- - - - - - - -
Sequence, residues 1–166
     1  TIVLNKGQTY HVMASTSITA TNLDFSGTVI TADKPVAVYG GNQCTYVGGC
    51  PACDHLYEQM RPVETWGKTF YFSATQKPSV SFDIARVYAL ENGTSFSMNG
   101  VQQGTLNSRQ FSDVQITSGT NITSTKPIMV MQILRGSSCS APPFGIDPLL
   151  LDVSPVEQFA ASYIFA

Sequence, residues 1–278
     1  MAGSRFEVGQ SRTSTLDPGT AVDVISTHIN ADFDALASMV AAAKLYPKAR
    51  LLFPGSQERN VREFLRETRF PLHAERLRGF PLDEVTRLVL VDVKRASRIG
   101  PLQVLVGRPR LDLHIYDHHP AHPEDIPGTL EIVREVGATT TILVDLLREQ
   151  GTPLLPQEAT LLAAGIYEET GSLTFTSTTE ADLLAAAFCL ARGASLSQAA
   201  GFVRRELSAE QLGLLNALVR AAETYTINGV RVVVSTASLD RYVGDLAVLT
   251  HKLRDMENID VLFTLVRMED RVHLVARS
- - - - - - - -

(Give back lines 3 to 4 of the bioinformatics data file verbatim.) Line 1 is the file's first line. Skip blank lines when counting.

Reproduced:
    51  PACDHLYEQM RPVETWGKTF YFSATQKPSV SFDIARVYAL ENGTSFSMNG
   101  VQQGTLNSRQ FSDVQITSGT NITSTKPIMV MQILRGSSCS APPFGIDPLL